Two more senior executives leave Sony Music Australia as workplace investigation continues
A changing of the guard at Sony Music Australia has seen two long-term senior executives leave the company before an internal investigation into workplace culture has concluded.
In June, Sony Music Australia’s longstanding CEO and President Denis Handlin was fired after the global head of human resources launched an investigation following a complaint from a staff member.
Now his son Pat, who was Sony Music Australia’s vice-president of artists and repertoire (A&R), has left the company along with Mark Stebnicki, the senior vice-president of strategy, corporate affairs and human resources.
Pat Handlin, who has left Sony Music Australia.Credit:
A spokeswoman for Sony Music in the US confirmed both men were no longer employed by the company but would not be drawn on the reason for their departure.
Mr Stebnicki had been with Sony Music for 14 years, beginning his career as a human resources representative before moving up through the ranks to eventually be promoted to the senior vice-president position in June last year.
Pat Handlin joined Sony Music Australia in 2006 as an intern and became an A&R scout in 2008, the same year he spent time at Columbia Records in the US on an internal secondment program. By 2013, he had been promoted to director of A&R before he was moved into a senior A&R role with Simon Cowell’s Syco Label, owned by Sony Music, in London.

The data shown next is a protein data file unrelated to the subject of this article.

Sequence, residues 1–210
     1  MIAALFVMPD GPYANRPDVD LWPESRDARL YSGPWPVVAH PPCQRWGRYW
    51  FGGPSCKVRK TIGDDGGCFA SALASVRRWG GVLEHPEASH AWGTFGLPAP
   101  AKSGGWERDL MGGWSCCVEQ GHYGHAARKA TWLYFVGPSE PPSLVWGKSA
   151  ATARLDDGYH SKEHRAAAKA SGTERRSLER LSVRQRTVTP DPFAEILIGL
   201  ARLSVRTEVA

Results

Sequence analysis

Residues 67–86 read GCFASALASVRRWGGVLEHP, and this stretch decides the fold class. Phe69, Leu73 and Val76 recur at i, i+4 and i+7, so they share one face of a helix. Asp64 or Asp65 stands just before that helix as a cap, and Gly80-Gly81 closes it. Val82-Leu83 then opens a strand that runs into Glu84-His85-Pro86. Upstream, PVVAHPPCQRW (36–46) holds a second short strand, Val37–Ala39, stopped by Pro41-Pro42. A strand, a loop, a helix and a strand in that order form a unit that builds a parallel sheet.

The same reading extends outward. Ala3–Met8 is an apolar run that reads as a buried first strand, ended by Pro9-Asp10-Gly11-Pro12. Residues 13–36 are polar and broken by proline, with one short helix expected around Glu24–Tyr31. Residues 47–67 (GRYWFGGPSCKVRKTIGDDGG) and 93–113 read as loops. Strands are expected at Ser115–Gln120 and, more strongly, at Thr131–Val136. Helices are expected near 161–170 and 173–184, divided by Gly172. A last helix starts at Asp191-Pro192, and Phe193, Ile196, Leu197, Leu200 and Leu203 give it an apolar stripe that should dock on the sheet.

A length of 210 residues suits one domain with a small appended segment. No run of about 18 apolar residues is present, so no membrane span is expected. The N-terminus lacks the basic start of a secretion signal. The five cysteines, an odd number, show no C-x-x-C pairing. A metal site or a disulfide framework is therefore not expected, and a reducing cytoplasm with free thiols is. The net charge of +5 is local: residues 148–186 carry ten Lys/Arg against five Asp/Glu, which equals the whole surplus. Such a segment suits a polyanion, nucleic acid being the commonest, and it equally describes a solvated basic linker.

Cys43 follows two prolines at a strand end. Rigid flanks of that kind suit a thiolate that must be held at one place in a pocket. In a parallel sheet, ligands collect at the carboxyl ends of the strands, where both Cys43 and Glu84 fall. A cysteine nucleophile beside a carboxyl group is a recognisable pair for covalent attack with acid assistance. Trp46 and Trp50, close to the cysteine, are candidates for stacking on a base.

He returned to Australia in 2018 and was promoted to vice-president of A&R, where he was responsible for Justice Crew’s hit Que Sera and shepherded the careers of several high-profile Australian artists. He is engaged to Sony artist Samantha Jade.
Both men were stood down the day after Denis Handlin was fired. Sony is yet to announce a new CEO for the Australian arm of the company.
The Sydney Morning Herald and The Age do not suggest Denis Handlin, Pat Handlin or Mr Stebnicki have been accused of any wrongdoing as part of the investigation, which the Sony spokeswoman confirmed was ongoing.
Mr Handlin and Mr Stebnicki’s departure from Sony Music comes days after the Sun-Herald and the Sunday Age revealed rival record label Universal Music had launched its own workplace culture investigation.
The investigation, which is being conducted by Darren Perry at law firm Seyfarth Shaw, was launched after a number of anonymous allegations were published on Instagram account Beneath The Glass Ceiling, as well as an internal complaint about a historical allegation.
Universal Music’s Australian boss George Ash told staff he took personal responsibility for the culture at the organisation and said he felt he had “let people down”.
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